Nevertheless, there is also a pantheistic position that accepts or even affirms tangibility as god or the body of god. This is again a pagan position. What really distinguishes pagan pantheism from secular pantheism is the consideration of enchantment by the former and its rejection by the latter. Once again, we are to be reminded that we are dealing here with ideal-types, that is, ideals against which the actual manifestations ‘on the field’ are to be measured and understood. A purely materialistic pantheism is one that holds only corporeal/tangibility to be real and the transcendental to be a fiction. A more comprehensive pagan pantheism accepts the whole gamut to be divine and real – the transcendent and immanent as well as the natural and preternatural.  But this pagan pantheistic understanding of the all as god is, in practical outcome, little different than the plural god position. The all of nature and other-nature is multiple and comprised in the multifaceted and pluriform course of nature and her on-going movement as well as intrinsic harmony between competing and divergent parts. From a pagan perspective, the all god and plural god are virtually one and the same.

Consequently, I will employ the designation of the ‘all god’ primarily as dharmic and a reference to a transcendental reality for which our phenomenal world of nature is merely a mask or foil. If you are still with me, these distinctions are important when we come to consider the raison d’être or purpose of life. Each position on the godhead, namely, the divisive god, the plural god, the all god and the no god, has different consequences as far as the notion of advance and progress is concerned.  

While Judaism has a less clear concept of an afterlife, the Abrahamic religions of Christianity and Islam possess a more linear goal so that the purpose of life becomes the attainment of heaven or paradise. Despite differences concerning the soul between Shiites and Sunnis, one’s future is understood as determined by the moral quality of the individual’s life on earth. The idea of final judgment is held not only by the Abrahamic religions but also by Zoroastrianism. From this last, the three monotheistic faiths have borrowed much. The notion of salvation, however, is particularly developed in Christianity. Nevertheless, the purpose of life becomes one of obedience to, and worship of, the Abrahamic god. Everything else and anything else become secondary. As Anthony Grayling expresses this:  “In all three Religions of the Book the fundamental presupposition is that a god commands and we must obey. Sin is disobedience to the commands of god; virtue is obedience to them or, in the more graphic conception of Islam, submission (which is what ‘Islam’ means).” [1] In considering the expulsion from Eden, Grayling claims that by today’s standards, such action by a deity would violate the conventions of human rights that forbid excessive, cruel or inhuman treatment, i.e., punishing the entire human race.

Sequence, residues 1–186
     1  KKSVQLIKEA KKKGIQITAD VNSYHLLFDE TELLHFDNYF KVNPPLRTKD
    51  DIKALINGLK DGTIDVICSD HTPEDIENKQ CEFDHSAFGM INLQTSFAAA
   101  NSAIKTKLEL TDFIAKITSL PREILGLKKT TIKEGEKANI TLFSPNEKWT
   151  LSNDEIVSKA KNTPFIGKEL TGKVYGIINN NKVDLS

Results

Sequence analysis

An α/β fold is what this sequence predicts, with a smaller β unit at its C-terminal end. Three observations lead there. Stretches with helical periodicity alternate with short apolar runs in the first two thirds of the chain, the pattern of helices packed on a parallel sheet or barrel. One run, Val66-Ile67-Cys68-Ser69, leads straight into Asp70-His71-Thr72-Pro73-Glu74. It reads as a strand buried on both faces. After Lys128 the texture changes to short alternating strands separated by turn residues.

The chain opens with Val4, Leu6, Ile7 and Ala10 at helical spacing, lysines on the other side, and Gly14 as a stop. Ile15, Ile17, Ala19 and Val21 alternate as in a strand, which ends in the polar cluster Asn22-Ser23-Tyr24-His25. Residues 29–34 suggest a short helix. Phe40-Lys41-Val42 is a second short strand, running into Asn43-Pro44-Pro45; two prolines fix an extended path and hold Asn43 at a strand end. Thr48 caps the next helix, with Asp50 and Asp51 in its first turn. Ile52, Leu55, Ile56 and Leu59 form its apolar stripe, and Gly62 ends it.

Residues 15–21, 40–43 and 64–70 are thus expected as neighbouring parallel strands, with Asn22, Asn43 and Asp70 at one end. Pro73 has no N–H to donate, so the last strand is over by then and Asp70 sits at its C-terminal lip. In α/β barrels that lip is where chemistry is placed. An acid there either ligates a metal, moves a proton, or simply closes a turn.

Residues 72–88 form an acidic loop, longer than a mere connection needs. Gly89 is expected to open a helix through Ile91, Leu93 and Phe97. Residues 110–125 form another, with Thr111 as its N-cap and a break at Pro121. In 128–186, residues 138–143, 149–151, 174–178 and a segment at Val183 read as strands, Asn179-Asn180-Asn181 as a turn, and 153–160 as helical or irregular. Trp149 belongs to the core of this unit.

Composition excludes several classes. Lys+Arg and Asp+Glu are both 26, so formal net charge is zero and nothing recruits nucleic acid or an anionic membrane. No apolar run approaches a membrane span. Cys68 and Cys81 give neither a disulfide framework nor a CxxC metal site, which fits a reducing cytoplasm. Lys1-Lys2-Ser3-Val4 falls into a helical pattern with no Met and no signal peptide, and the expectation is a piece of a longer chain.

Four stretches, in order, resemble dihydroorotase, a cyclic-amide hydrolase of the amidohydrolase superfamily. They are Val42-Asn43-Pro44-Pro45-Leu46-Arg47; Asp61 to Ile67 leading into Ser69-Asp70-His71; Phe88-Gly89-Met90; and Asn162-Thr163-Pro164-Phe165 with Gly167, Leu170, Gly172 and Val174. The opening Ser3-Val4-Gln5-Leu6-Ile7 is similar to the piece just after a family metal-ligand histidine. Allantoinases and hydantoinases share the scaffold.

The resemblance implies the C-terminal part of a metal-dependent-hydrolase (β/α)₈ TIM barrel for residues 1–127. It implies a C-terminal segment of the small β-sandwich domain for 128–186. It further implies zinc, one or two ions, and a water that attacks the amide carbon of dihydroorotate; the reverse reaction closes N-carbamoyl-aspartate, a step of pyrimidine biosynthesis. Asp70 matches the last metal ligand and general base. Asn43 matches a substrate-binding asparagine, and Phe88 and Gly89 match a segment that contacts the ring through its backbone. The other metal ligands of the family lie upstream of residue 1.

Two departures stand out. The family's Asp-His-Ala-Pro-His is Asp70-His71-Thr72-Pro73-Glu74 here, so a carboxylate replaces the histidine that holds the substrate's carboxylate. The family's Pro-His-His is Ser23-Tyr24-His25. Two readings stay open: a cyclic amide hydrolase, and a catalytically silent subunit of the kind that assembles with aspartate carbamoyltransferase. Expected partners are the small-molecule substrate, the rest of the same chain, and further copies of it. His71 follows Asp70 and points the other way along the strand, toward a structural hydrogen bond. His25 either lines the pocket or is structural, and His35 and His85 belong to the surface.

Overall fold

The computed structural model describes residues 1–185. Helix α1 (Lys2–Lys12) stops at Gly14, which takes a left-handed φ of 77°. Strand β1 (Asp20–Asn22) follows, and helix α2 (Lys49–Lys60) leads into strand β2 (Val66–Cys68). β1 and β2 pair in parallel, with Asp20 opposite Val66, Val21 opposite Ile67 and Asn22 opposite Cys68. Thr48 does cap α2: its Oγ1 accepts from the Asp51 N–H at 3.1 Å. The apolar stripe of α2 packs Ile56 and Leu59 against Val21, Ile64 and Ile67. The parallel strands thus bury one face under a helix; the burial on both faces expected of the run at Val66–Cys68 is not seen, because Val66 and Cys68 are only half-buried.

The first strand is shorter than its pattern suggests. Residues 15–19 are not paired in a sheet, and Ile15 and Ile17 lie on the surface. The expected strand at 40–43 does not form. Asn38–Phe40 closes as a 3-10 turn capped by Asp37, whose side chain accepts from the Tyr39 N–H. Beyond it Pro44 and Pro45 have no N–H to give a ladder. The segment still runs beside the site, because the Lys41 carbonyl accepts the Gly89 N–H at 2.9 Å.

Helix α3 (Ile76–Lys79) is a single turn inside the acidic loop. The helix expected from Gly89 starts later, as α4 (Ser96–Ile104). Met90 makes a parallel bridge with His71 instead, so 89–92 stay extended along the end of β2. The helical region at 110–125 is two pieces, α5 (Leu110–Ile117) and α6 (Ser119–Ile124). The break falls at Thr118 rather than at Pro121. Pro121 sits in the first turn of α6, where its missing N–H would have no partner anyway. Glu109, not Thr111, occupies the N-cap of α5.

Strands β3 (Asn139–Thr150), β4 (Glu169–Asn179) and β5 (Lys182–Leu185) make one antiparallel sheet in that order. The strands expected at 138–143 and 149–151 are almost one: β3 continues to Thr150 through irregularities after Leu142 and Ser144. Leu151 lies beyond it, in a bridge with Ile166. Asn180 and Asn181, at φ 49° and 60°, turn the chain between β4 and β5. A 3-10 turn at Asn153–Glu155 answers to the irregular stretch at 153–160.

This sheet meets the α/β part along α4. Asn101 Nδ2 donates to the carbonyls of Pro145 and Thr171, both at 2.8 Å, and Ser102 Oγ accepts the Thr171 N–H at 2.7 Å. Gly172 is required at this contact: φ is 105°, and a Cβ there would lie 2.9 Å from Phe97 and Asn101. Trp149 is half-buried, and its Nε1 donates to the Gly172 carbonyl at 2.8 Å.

By positing one and only one god, division follows automatically in that everything that is not god is other than god. In other words, such a transcendent male god renders whatever is other than itself – whether the feminine or nature or each and every competing deity - inferior or evil or both. The Abrahamic figure contrasts with the impersonal godhead of Hinduism. Here again we have a transcendent entity or non-entity that  ‘insists’ that phenomenal existence itself is an illusion. All may be god, but all that we know, see, feel, smell and taste does not exist or, at least as the Buddhists would have it, is valueless. Consequently, purpose, advance or progress from a dharmic viewpoint is meaningless. Within the wheel of dharma, there can be no positive movement other than that of escaping phenomenal existence itself.

In contrast to the otherworldly preoccupations of Abrahamic and dharmic religions, the notion of progressive this-worldly movement is secular or pagan. The chief difference between the two is that for the secularist there is no god, no creator, and the world or cosmos itself is ideally conceived of as a self-generating machine or mechanism; for the pagan, the world or nature is instead a self-generating organism – something alive and not simply inanimate and mechanical. By contrast, for the Abrahamic religions, nature is at best a work of art that has been created by a supreme craftsman – one who claims additionally a monopoly on the sacred. Nature is the other.  With the dharmic religions, nature is simply the illusory mask of the sacred. For the secularist, there is no sacred, but, for the pagan, there are many sacreds. Perhaps these basic and contrasting positions may be summed up as the duality of God and enchantment for the Abrahamic; no God but only enchantment (māyā) for the dharmacist; no God and no enchantment for the secularist; and God as enchantment for the pagan. Moreover, and specifically relevant in considerations of purpose and progress, meaning is something external for Abrahamic and dharmic religiosity – having its provenance with a transcendent God for the one and in the consideration of phenomenal existence as meaningless for the other. By contrast, meaning is subjective for both secularist and pagan – being essentially here and now for the one but with a greater trajectory for the other.